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RESEARCH STUDY

RESEARCH

IMI - Prevention of Myopia and Its Progression

AUTHOR:

Jost B. Jonas; Marcus Ang; Pauline Cho; Jeremy A. Guggenheim; Ming Guang He; Monica Jong; Nicola S. Logan; Maria Liu; Ian Morgan; Kyoko Ohno-Matsui; Olavi Pärssinen; Serge Resnikoff; Padmaja Sankaridurg; Seang-Mei Saw; Earl L. Smith, III; Donald T. H. Tan; Jeffrey J. Walline; Christine F. Wildsoet; Pei-Chang Wu; Xiaoying Zhu; James S. Wolffsohn

SPONSOR/INSTITUTION:

International Myopia Institute supported by donations from Brien Holden Vision Institute, Carl Zeiss Vision, CooperVision, Essilor, and Alcon

YEAR PUBLISHED:

2021

PUBLICATION:

Investigative Ophthalmology & Visual Science, Arvo Journal

KEY HIGHLIGHTS:

  • The prevalence of myopia has markedly increased in East and Southeast Asia, and pathologic consequences of myopia, including myopic maculopathy and high myopia-associated optic neuropathy, are now some of the most common causes of irreversible blindness.

  • Hence, strategies are warranted to reduce the prevalence of myopia and the progression to high myopia because this is the main modifiable risk factor for pathologic myopia.

  • On the basis of published population-based and interventional studies, an important strategy to reduce the development of myopia is encouraging schoolchildren to spend more time outdoors.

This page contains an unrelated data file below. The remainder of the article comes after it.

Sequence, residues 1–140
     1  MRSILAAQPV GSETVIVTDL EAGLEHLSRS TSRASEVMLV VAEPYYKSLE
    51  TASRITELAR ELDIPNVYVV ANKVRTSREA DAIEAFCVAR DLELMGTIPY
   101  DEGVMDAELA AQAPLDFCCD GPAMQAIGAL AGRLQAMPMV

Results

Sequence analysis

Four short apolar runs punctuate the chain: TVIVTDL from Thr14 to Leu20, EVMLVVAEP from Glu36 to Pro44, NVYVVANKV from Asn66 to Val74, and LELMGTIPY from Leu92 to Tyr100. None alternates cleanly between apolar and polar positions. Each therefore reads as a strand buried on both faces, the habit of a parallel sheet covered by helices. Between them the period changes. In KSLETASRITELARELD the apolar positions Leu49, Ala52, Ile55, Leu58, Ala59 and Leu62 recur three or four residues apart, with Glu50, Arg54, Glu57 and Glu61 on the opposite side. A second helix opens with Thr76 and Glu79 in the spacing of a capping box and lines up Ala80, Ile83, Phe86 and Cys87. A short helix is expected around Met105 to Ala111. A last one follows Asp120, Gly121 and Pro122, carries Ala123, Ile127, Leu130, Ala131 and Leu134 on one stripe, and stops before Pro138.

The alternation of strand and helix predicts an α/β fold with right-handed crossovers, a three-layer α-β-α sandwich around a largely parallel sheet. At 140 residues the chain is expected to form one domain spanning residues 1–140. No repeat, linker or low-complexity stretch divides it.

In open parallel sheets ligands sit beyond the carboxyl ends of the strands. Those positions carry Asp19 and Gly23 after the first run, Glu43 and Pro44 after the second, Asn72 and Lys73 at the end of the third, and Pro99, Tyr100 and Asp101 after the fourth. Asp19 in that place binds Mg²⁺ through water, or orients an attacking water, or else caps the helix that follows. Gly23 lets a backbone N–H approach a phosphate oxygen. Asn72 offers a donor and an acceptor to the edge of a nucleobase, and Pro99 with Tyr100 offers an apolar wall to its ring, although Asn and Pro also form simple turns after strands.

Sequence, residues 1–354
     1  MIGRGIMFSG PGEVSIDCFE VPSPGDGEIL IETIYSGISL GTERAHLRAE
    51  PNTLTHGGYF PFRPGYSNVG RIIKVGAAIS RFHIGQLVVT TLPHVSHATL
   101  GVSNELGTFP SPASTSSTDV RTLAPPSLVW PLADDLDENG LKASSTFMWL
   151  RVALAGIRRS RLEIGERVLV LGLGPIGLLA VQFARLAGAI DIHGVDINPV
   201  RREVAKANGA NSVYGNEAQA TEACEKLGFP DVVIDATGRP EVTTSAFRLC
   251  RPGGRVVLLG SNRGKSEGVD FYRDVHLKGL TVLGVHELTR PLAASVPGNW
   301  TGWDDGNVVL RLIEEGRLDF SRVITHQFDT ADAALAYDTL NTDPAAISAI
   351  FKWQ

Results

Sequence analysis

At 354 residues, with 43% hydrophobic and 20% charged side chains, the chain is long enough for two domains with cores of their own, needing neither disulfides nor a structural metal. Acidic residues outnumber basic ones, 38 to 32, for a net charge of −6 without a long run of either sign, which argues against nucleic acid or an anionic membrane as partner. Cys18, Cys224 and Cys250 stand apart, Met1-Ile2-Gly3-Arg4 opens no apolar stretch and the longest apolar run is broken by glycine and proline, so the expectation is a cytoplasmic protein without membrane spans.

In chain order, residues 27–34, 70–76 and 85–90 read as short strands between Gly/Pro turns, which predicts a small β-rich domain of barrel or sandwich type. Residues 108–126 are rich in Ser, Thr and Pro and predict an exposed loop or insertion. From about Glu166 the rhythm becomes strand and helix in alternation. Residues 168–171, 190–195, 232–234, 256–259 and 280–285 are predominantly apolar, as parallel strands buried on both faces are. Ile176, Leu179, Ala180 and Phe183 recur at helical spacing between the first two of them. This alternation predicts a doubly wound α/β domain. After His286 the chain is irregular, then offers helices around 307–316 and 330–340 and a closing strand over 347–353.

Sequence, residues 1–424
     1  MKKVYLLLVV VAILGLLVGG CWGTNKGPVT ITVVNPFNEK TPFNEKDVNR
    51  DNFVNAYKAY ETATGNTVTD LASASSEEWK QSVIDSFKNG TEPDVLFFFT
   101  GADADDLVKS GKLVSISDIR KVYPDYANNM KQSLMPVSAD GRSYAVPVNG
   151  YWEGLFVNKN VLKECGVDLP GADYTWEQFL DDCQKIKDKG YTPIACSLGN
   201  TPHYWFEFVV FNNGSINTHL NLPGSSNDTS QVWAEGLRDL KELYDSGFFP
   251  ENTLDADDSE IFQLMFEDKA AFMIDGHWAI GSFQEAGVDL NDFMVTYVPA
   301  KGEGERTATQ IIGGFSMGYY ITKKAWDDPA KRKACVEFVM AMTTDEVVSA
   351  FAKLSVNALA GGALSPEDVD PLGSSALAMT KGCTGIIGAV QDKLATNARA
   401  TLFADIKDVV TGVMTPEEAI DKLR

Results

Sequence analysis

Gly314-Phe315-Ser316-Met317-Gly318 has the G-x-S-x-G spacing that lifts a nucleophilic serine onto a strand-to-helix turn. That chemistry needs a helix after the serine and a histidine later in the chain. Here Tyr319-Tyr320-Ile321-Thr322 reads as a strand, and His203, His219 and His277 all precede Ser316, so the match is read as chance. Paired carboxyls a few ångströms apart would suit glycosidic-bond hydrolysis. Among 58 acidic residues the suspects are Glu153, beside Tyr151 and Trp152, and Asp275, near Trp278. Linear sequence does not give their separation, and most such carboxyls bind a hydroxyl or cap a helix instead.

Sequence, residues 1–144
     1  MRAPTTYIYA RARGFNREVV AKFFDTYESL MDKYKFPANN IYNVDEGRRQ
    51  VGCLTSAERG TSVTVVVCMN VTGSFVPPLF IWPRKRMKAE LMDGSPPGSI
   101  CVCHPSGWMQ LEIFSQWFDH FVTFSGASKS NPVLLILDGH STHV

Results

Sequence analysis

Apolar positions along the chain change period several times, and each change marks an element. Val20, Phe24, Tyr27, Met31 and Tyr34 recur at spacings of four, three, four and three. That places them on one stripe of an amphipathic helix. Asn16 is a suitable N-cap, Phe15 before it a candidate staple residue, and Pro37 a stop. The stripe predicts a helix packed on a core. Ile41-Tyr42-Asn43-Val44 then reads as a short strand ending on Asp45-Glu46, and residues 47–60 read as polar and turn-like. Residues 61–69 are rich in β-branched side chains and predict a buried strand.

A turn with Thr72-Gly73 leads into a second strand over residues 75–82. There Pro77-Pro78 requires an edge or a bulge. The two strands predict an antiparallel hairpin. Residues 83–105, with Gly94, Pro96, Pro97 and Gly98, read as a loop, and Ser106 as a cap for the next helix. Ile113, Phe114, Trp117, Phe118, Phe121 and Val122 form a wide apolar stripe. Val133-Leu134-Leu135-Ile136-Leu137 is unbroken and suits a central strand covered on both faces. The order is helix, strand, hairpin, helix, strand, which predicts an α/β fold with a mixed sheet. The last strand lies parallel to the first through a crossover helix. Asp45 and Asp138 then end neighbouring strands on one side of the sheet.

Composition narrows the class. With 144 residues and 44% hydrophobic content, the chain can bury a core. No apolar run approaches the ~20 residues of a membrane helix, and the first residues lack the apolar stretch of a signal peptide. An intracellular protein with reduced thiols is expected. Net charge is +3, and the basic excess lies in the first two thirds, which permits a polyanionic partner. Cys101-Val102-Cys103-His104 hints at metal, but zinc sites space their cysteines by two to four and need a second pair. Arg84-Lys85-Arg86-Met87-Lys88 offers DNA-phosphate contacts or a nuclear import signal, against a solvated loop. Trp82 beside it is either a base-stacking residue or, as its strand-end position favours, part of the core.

• As compared with other measures, spending more time outdoors is the safest strategy and aligns with other existing health initiatives, such as obesity prevention, by promoting a healthier lifestyle for children and adolescents.

  • Useful clinical measures to reduce or slow the progression of myopia include the daily application of low-dose atropine eye drops, in concentrations ranging between 0.01% and 0.05%, despite the side effects of a slightly reduced amplitude of accommodation, slight mydriasis, and risk of an allergic reaction; multifocal spectacle design; contact lenses that have power profiles that produce peripheral myopic defocus; and orthokeratology using corneal gas-permeable contact lenses that are designed to flatten the central cornea, leading to midperipheral steeping and peripheral myopic defocus, during overnight wear to eliminate daytime myopia.

  • The risk-to-benefit ratio needs to be weighed up for the individual on the basis of their age, health, and lifestyle.

  • The measures listed above are not mutually exclusive and are beginning to be examined in combination.

Clinical Summaries in several languages are available here: https://myopiainstitute.org/imi-white-papers/